7 Linear Momentum Linear momentum = mass x velocity r = mv If we have a system of masses, the linear momentum is the sum of all individual momentum vectors. P f = P i (final = initial) P = r 1 + r 2 + r 3 + (sum of the individual momentum vectors) Law of Conservation of Linear Momentum Law of Conservation of Linear Momentum  the total linear momentum of an isolated system remains the same if there is no external, unbalanced force acting on the system Linear Momentum is conserved as long as there are no external unbalance forces. It does not change with time. Copyright Houghton Mifflin Company. All rights reserved. Section Copyright Houghton Mifflin Company. All rights reserved. Section Conservation of Linear Momentum Applying the Conservation of Linear Momentum Two masses at rest on a frictionless surface. When the string (weightless) is burned the two masses fly apart due to the release of the compressed (internal) spring (v 1 = 1.8 m/s). P i = P f = 0 (for man and boat) When the man jumps out of the boat he has momentum in one direction and, therefore, so does the boat. Their momentums must cancel out! (= 0) Copyright Houghton Mifflin Company. All rights reserved. Section Copyright Houghton Mifflin Company. All rights reserved. Section Applying the Conservation of Linear Momentum Two masses at rest on a frictionless surface. When the string (weightless) is burned the two masses fly apart due to the release of the compressed (internal) spring (v 1 = 1.8 m/s). Applying the Conservation of Linear Momentum GIVEN: m 1 = 1.0 kg m 2 = 2.0 kg v 1 = 1.8 m/s, v 2 =? P f = P i = 0 P f = r 1 + r 2 = 0 r 1 = r 2 m 1 v 1 = m 2 v 2 m 1 v 1 = m 2 v 2 v m 1 v 1 2 =  =  (1.0 kg) (1.8 m/s) = m/s m kg Copyright Houghton Mifflin Company. All rights reserved. Section Copyright Houghton Mifflin Company. All rights reserved. Section
8 Jet Propulsion Jet Propulsion can be explained in terms of both Newton s 3 rd Law & Linear Momentum r 1 = r 2 m 1 v 1 = m 2 v 2 The exhaust gas molecules have small m and large v. The rocket has large m and smaller v. BUT m 1 v 1 = m 2 v 2 (momentum is conserved) Torque Torque the twisting effect caused by one or more forces As we have learned, the linear momentum of a system can be changed by the introduction of an external unbalanced force. Similarly, angular momentum can be changed by an external unbalanced torque. Copyright Houghton Mifflin Company. All rights reserved. Section Copyright Houghton Mifflin Company. All rights reserved. Section Torque Torque is a twisting action that produces rotational motion or a change in rotational motion. Law of Conservation of Angular Momentum Law of Conservation of Angular Momentum  the angular momentum of an object remains constant if there is no external, unbalanced torque (a force about an axis) acting on it Concerns objects that go in paths around a fixed point, for example a planet orbiting the sun Copyright Houghton Mifflin Company. All rights reserved. Section Copyright Houghton Mifflin Company. All rights reserved. Section Angular Momentum Angular Momentum L = mvr L = angular momentum, m = mass, v = velocity, and r = distance to center of motion L 1 = L 2 m 1 v 1 r 1 = m 2 v 2 r 2 Mass (m) is constant. As r changes so must v. When r decreases, v must increase so that m 1 v 1 r 1 = m 2 v 2 r 2 Section 3.6 Copyright Houghton Mifflin Company. All rights reserved Section 3.6 Copyright Houghton Mifflin Company. All rights reserved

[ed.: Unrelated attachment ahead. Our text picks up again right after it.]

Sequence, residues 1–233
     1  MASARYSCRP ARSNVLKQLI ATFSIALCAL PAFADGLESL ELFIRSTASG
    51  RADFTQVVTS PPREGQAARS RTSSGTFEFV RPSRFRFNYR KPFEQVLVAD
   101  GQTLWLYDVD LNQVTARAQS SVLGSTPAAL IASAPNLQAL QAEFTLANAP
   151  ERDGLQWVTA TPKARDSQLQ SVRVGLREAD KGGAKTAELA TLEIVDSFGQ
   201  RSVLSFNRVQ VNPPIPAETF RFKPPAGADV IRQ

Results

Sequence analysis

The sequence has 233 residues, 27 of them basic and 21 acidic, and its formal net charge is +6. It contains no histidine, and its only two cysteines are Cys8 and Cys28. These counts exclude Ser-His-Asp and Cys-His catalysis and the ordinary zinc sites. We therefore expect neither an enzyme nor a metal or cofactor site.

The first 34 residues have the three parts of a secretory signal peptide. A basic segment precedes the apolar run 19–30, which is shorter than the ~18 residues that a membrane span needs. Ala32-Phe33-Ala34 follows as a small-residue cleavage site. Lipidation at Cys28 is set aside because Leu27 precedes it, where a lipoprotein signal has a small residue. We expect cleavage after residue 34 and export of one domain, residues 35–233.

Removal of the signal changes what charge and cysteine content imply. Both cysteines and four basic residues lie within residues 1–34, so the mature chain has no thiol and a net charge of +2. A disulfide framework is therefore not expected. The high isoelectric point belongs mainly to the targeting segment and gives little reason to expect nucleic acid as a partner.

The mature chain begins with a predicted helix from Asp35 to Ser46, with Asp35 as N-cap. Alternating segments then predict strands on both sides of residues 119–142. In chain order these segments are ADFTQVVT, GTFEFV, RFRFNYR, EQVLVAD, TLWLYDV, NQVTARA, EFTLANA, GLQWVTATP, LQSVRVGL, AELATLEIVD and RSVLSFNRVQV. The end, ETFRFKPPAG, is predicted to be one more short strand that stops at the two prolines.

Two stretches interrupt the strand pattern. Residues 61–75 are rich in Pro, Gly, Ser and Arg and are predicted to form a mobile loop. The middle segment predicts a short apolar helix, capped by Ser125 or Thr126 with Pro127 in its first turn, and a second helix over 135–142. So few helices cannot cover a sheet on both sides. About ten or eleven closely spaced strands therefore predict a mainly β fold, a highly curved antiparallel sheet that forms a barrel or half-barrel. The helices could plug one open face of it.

9 Angular Momentum in our Solar System In our solar system the planet s orbit paths are slightly elliptical, therefore both r and v will slightly vary during a complete orbit. Conservation of Angular Momentum Example A comet at its farthest point from the Sun is 900 million miles, traveling at 6000 mi/h. What is its speed at its closest point of 30 million miles away? EQUATION: m 1 v 1 r 1 = m 2 v 2 r 2 GIVEN: v 2, r 2, r 1, and m 1 = m 2 v 2 r 2 (6.0 x 10 3 mi/h) (900 x 10 6 mi) FIND: v 1 = r = 1 30 x 10 6 mi 1.8 x 10 5 mi/h or 180,000 mi/h Copyright Houghton Mifflin Company. All rights reserved. Section Copyright Houghton Mifflin Company. All rights reserved. Section Conservation of Angular Momentum Conservation of Angular Momentum Figure Skater she/he starts the spin with arms out at one angular velocity. Simply by pulling the arms in the skater spins faster, since the average radial distance of the mass decreases. Rotors on large helicopters rotate in the opposite direction m 1 v 1 r 1 = m 2 v 2 r 2 m is constant; r decreases; Therefore v increases Copyright Houghton Mifflin Company. All rights reserved. Section Copyright Houghton Mifflin Company. All rights reserved. Section Chapter 3  Important Equations F = ma (2 nd Law) or w = mg (for weight) F 1 = F 2 (3 rd Law) F = (Gm 1 m 2 )/r 2 (Law of Gravitation) G = 6.67 x Nm 2 /kg 2 (gravitational constant) g = GM/r 2 (acc. of gravity, M=mass of sph. object) r = mv (linear momentum) P f = P i (conservation of linear momentum) L = mvr (angular momentum) L1= m 1 v 1 r 1 =L2 = m 2 v 2 r 2 (Cons. of ang. Mom.) Copyright Houghton Mifflin Company. All rights reserved. Review